Wednesday, October 27, 2010

Plan B . . .

Today, I was completing my usual 4 mile march around the complex (that sounds a little too Soviet, so let me make clear that I love walking and seeing the sky a
nd ducks and it is my sanity time). I saw a bush and, in the bush, what appeared to be a very small cow. "That looks like a very tiny cow," I thought. But I am nearsighted and given to an overactive imagination, so I told myself it was not a cow and was probably some kind of mysterious black box connected to boring things like electricity or cable. I grew closer, and discovered I had been correct. It was not a cow sitting in the bush.

It was a goat. A small black goat. A small black goat tied to a stake. "What is a goat doing tied to a stake?" I thought. Then I realized what it meant. The goat is going to be eaten. Why else would it be tied down on the grass in front of an apartment building? Obviously there is a fiesta going on this weekend. I looked at the goat again and realized that it still had fuzzy baby fur. It bleated and looked at me. I began to plan its rescue.

Operation Baby Goat Deliverance, Part 1: Offer to buy it from the owners. If they refuse, take it. Yes, I think I just plotted theft online.
Part 2: Yet to be determined. I need a way to a) get it home, b) convince parents to keep it somewhere on our 9 acres, and c) did I mention get it home.

And now, images of tiny helpless fuzzy baby goats keep running through my head.

Not helped by the fact that I found a small, surprisingly sweet daschund on the loose as well, and could not convince it to come home and am worried it will be hit by a car.

I'm not a crazy animal person. Promise.

I just want to save the goat, okay?

"Help us!"

Tuesday, October 19, 2010

The Sun Was Unclouded

Here in the flatlands, it's autumn and absolutely gorgeous. I'll admit it: Mississippi is growing on me. This weekend roommate and I went with a sweet friend to ride horses in the southern part of the state, and it was gorgeous and rolling hills and her parents are vets and I felt I'd stepped into the Mississippi version of James Herriot. All that to say--the desert is starting to bloom.

And last week, in poetry class, we each got individual assignments. Mine was to write about something BIG--a war, a natural disaster, etc. Arghh. Now, I write about small things, ordinary things, I am kin to Dickinson, not Whitman. But I set myself to do it, and I'm not sure how it happened but somehow a poem about the Alabama Cherokee and Trail of Tears came out. Near Florence, there's a man who's spent years building a wall, a memorial to the tragedy. So here's another stone for the remembering.

The Sun Was Unclouded--

“The Cherokees are a peaceable, harmless people, but you may drive them to desperation, and this treaty cannot be carried into effect except by the strong arm of force.”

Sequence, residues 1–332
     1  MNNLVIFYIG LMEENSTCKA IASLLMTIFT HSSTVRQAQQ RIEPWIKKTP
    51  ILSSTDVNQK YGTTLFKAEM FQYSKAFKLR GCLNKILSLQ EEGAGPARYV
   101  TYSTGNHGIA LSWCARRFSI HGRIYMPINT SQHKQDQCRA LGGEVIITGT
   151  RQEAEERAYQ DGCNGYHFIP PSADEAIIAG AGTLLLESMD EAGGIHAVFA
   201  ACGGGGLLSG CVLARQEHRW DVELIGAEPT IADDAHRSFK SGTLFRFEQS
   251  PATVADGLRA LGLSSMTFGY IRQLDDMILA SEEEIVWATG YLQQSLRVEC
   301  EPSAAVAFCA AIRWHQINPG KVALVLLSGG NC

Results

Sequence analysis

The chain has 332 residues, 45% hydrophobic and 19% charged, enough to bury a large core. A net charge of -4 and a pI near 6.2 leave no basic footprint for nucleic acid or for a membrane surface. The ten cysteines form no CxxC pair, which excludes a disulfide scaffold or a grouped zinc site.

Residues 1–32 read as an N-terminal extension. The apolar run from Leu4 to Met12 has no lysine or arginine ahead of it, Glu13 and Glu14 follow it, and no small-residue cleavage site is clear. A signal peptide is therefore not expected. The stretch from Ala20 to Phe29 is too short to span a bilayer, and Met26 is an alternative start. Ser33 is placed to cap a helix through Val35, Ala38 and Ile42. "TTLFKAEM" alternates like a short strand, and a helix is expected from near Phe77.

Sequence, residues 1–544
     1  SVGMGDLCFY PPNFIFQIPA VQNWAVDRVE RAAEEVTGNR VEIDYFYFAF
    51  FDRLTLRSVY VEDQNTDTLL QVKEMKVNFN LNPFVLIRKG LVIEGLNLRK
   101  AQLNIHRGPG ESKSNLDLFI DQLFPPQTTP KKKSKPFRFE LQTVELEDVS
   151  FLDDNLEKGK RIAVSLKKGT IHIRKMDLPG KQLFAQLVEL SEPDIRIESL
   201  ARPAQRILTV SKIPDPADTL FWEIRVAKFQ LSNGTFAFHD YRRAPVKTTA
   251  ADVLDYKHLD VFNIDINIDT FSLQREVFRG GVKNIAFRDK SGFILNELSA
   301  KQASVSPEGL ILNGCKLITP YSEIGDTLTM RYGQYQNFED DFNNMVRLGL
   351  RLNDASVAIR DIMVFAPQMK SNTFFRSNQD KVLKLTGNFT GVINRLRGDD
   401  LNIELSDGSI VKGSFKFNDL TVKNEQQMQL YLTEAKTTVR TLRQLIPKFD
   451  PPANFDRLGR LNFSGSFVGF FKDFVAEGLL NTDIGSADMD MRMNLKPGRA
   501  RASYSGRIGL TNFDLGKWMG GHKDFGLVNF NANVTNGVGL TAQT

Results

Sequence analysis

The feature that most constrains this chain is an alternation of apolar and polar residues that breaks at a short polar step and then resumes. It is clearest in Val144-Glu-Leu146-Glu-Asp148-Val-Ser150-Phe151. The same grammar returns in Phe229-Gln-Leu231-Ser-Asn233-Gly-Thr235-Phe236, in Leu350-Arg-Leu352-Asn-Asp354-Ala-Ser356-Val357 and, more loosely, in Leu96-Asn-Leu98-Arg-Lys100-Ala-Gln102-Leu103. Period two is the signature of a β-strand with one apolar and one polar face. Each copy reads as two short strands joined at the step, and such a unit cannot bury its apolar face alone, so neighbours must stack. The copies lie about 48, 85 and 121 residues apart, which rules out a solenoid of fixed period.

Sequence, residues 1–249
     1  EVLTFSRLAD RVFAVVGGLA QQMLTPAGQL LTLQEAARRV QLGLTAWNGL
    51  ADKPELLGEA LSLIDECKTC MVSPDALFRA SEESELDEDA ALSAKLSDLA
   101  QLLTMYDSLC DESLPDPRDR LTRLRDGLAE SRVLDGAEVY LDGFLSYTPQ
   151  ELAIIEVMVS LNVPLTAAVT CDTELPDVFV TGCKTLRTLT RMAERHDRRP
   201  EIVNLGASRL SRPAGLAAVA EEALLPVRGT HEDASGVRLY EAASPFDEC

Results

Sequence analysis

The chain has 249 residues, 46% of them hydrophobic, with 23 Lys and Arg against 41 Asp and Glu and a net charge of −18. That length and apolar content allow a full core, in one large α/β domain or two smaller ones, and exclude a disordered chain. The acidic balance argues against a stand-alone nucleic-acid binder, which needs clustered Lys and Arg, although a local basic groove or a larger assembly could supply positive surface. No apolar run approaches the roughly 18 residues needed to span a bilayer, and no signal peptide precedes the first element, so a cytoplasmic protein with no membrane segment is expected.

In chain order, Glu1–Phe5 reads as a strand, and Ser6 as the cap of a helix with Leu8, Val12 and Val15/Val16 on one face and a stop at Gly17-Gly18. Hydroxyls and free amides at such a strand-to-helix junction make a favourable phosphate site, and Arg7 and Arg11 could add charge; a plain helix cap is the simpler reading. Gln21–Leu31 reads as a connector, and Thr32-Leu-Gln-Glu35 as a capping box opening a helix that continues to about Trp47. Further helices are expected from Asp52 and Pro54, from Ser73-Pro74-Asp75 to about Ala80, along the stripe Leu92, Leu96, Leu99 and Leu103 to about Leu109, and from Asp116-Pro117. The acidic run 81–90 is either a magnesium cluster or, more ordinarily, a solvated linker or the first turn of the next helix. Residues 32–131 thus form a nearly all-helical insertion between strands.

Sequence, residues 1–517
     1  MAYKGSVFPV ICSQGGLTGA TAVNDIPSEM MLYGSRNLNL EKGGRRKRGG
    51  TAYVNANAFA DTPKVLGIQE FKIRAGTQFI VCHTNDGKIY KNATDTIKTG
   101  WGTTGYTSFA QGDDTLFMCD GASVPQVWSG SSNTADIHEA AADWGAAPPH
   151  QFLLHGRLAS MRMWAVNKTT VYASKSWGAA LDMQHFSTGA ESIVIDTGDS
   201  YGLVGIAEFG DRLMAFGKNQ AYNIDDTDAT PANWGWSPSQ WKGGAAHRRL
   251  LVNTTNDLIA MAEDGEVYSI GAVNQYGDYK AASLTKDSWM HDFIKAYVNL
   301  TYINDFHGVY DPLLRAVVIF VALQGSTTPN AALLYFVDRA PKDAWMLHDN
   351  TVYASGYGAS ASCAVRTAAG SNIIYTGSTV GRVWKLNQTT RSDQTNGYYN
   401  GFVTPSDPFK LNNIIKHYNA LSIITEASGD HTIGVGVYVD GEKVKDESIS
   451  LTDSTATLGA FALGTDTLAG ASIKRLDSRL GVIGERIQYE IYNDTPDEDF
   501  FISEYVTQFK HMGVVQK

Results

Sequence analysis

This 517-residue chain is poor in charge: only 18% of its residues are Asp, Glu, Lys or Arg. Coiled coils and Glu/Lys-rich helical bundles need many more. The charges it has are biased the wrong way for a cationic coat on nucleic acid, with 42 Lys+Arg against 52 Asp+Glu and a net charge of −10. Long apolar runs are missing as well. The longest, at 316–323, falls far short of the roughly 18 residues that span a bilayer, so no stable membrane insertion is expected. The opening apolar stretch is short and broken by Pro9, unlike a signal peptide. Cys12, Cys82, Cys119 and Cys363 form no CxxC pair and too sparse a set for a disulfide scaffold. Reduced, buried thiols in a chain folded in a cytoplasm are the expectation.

-Major William M. Davis, 1837

How can I put you in a poem, dustfoot
people? Your trees were faithless, in the end.
How you wove rivers in the skin and glassed
the long hut after all. The forest went wild
for grief after you left. Oh sweet warrior,
first friend, the smoke and salt of you lingered
long after the cane broke. How many calloused
eyes, how much broken before the wheels?
The tear-pocked dust should have swollen, crumbled
into earth red earth, sprouted sudden
mountains on the empty distant line of land and sky.
If the rocks rose up to cave you, if your graves
mounded numb and deep, if you somehow found
eastern sky again, if the trees refused to cover
your desperate bare--if anyone tried to say
you were fully desirous--then know your blood
was too fresh for them, too wooded,
too earth for that manifest. Real people, know
your soft language still tongues their brain.

Sunday, October 10, 2010

what's lost

Sometimes, sad things happen.

I know. Understatement of the century. I'm an English major, but with all the poetry and gorgeous literature in the world, still simple language serves us best sometimes.

Thirteen days ago, the Sweet Dog was hit by a car. He's alive, I don't know how. Only the vet couldn't save his right hind leg, so now Mo is home and learning how to get around again.

It feels foolish to grieve over an injured dog. You don't know how people are going to take it, because obviously it's a lot bigger deal to us than them. I mean, we make fun of the folks who take their animals too seriously. I'm not a blindly infatuated animal person, I promise.

But. It's sad.

And the whole time I've been home has been a rapid wash of two emotions: the sadness of seeing a more subdued Mo learn how to live on three legs. And the gladness and sheer wonder that he's still here and still with us. I guess this is our existence, yes? The rebellion at the way things go wrong - he should still have all four legs. Sweet dumb Mo was not meant to live this way. And the grace in the way things go right - he also should be dead. But he isn't. He's ok and he's healing and I'm awfully glad this crazy dog is still here to lick my face and chase more balls.

And if it's only autumn and the desire for security and rest and hope that keeps me from turning away from these words in bitterness - well then, I'll take it.

Only love can turn this around
I wake up dreaming
Everything we've lost can be found
We'll wake up dreaming
-Over the Rhine